The State of Mental Health in Millennials
According to a survey of over 2,000 Americans, aged 18 and up, (https://www.webpsychology.com/news/2015/10/08/depression-amongst-millennials-%E2%80%93-why-are-they-affected-higher-rates-232931) the Millennial Generation, defined as those born between 1978 – 1999, have seen a steeper increase in both stress and depression levels over the past couple of decades, than any of the generations before them. A study measuring depression across the age spectrum–traditionalists, baby boomers, Gen X, Millennials and Gen Z–found that 1 in 5 Millennials who sought mental health services through their employment reported experiencing depression, whereas only 16% of the older Generation X and Baby Boomer participants from the same workplace reported depression. (http://mashable.com/2015/05/21/millennials-depression-work/#_DbG4L3aS5qC) Likewise, in a national survey issued by the American Psychology Association, (APA) results demonstrated above-healthy levels of stress and anxiety amongst the Millennial and Gen X groups, with 52% of Millennials reporting sleep-deprivation as a result of current stress levels. (http://www.apa.org/news/press/releases/stress/2012/generations.aspx) The adverse effects of depression and/or stress are numerous and potentially life-threatening. These effects can include insomnia, increased risk for substance abuse and addiction, physical pain or illness, decreased immune system, work conflicts, eating disorders, and if not treated, even suicide.
(http://www.mayoclinic.org/healthy-lifestyle/stress-management/in-depth/stress-symptoms/art-20050987) With mental health’s ability to affect a person’s health, job, social, and personal functionability, it is more important today than it ever has been to talk about mental illness and how to treat it effectively.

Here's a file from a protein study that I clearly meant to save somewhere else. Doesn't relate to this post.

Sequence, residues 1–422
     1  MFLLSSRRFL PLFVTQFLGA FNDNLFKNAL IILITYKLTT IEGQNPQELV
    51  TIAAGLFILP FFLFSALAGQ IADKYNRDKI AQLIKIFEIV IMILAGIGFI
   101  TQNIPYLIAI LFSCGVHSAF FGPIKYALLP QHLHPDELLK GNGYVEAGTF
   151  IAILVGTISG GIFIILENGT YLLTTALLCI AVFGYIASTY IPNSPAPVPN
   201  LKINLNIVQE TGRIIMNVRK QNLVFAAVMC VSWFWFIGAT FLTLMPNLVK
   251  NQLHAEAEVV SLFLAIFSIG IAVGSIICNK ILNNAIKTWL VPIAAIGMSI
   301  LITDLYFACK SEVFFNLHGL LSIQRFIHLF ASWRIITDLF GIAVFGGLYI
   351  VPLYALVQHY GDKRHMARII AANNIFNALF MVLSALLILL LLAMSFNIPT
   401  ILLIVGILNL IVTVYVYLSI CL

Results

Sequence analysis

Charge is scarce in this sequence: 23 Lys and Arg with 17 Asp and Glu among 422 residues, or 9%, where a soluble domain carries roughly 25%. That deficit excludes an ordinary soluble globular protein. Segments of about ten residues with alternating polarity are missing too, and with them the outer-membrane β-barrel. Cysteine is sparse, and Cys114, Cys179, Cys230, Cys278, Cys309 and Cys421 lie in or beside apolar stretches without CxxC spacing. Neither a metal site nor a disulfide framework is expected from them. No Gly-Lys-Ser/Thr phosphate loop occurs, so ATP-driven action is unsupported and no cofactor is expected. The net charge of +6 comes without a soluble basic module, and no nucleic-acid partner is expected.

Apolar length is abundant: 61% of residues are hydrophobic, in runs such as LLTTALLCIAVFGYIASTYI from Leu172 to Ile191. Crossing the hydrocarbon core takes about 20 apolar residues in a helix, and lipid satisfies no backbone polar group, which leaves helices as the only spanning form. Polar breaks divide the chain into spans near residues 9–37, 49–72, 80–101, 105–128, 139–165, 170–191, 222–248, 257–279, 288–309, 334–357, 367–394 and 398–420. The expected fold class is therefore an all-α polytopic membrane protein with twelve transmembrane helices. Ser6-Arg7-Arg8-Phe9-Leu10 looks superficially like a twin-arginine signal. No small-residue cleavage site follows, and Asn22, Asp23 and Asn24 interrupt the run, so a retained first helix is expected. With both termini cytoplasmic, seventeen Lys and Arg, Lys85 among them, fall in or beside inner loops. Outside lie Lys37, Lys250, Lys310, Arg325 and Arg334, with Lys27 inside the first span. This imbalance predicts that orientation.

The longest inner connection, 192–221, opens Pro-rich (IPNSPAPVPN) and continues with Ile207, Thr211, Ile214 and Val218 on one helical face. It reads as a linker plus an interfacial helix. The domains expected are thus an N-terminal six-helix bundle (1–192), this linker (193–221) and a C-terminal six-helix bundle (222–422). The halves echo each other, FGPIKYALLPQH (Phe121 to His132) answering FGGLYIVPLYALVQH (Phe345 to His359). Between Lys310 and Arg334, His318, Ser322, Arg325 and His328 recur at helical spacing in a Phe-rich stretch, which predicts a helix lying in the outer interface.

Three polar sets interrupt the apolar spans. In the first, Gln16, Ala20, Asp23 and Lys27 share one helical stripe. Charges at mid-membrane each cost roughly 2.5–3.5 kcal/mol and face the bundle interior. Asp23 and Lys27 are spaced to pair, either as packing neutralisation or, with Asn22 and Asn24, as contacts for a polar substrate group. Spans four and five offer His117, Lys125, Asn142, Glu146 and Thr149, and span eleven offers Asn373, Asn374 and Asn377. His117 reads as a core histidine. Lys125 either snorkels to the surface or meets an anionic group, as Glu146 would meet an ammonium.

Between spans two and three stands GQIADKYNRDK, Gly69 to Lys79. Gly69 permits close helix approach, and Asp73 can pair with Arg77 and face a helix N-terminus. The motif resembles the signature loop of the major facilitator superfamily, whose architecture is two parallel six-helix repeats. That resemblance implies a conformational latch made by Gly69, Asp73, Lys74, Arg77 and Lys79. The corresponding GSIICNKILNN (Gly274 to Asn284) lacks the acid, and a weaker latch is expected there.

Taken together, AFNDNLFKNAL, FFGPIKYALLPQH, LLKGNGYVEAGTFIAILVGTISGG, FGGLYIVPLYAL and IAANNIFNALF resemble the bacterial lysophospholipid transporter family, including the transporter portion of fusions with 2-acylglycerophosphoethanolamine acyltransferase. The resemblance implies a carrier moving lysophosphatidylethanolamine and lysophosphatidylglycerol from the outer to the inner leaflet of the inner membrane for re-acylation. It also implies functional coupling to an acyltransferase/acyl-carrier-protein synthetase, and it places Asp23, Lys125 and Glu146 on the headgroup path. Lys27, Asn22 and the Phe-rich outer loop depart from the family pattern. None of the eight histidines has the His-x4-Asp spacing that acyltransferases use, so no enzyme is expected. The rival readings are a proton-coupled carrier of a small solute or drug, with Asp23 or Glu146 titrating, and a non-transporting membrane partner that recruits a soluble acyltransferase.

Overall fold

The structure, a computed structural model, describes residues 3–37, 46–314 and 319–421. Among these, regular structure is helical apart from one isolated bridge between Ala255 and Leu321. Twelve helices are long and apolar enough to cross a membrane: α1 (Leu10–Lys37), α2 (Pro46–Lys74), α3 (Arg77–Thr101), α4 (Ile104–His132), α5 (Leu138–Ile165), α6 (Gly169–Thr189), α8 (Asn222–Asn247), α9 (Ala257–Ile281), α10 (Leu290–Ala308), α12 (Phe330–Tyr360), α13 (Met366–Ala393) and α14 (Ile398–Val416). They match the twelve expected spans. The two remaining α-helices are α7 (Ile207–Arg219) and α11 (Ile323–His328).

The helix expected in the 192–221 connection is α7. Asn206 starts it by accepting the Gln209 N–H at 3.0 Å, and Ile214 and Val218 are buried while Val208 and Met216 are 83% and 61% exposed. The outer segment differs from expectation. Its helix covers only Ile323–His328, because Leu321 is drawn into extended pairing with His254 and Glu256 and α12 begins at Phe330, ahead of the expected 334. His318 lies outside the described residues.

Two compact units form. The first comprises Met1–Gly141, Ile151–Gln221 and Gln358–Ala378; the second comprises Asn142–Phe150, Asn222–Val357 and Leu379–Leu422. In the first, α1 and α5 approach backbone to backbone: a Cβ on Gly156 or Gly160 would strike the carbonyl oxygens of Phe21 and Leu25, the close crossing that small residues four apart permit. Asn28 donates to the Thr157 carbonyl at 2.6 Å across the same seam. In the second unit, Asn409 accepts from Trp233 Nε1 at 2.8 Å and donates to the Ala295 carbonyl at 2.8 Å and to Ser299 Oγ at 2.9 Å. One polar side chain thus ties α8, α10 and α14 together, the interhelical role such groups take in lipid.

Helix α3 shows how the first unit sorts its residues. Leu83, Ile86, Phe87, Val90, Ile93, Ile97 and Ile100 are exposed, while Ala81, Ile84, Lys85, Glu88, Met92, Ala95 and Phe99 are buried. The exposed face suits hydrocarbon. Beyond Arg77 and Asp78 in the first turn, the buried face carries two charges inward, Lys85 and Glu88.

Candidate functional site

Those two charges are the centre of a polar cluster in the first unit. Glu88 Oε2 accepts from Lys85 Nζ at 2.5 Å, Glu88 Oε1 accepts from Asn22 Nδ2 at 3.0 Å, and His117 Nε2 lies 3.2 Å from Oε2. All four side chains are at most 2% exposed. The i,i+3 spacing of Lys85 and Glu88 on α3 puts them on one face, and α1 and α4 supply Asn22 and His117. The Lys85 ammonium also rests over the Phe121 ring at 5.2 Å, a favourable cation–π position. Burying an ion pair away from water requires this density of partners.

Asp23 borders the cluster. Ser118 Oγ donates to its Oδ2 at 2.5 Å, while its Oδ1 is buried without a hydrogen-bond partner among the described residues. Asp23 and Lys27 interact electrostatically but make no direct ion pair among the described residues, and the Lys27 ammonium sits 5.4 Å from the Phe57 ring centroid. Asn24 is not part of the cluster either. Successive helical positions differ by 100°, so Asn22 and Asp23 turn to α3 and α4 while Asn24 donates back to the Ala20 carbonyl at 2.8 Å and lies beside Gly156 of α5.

What’s Behind the Increased Mental Illness in Millennials?
While the factors that lead to depression and anxiety vary substantially from person to person, researchers today are searching for the common denominator(s) affecting the Millennial generation specifically. In a national survey conducted by Harris Poll in 2014, financial instability and money concerns have remained the top stress and depression indicators since 2007. (http://www.apa.org/news/press/releases/2015/02/money-stress.aspx) While Americans across all age ranges have finances at the top of their stress charts, 75% of those aged 18-35 reported significant stress over money, with low-income individuals demonstrating higher increases than all other categories measured. With an economy that has recently seen a decline in unemployment rates, averaging 4.9% of adults, this should presumably be declining. However, the Millennials have not benefited as the older generations have, and the unemployment rate among their community has rested at 12.8%, more than twice that of the generations before them. (https://generationopportunity.org/press-release/millennial-unemployment-rate-stagnant-at-12-8-percent/) This has been attributed to many factors, the strongest being student debt. Between 2004 – 2012 alone, student loan borrowers rose by 70%. With the increasing unemployment rates from diminished job availability and substantial increase in debt, Millennials today are finding it harder and harder to save for their futures. (http://www.usnews.com/pubfiles/USNews_Market_Insights_Millennials2014.pdf)